The environment provides foods to sustain those who live there. When we introduce new foods sometimes it can have serious impact on one’s health
Inuit practice to dine on the fatty flesh of freshly caught seal and penguin, obtaining key nutrients that prevented the onset of scurvy.1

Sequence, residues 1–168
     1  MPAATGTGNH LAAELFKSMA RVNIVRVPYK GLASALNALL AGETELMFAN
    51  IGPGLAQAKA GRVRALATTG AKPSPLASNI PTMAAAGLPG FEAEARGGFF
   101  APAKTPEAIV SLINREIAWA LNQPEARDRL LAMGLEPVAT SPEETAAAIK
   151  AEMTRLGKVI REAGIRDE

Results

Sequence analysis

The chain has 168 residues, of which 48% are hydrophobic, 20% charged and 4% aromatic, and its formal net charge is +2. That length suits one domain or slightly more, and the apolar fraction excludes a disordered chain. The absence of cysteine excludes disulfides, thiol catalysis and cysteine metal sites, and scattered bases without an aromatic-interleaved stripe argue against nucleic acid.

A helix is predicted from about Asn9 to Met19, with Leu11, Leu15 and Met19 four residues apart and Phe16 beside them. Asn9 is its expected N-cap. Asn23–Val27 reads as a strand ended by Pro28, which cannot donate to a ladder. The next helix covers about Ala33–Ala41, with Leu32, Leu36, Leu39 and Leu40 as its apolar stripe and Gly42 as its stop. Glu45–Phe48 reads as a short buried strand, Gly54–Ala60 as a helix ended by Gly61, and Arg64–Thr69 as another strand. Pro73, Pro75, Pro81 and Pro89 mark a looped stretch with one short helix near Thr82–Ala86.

Such a diet makes perfect sense in places that cannot furnish fruits and vegetables. Some Inuit in Canada’s high Arctic, as well as further south, continue to thrive in this way. But the way of life that served Amundsen so well has undergone a dramatic transformation during the ensuing century. North America’s “attic” still qualifies as remote, but transportation and communications technology have eliminated its isolation.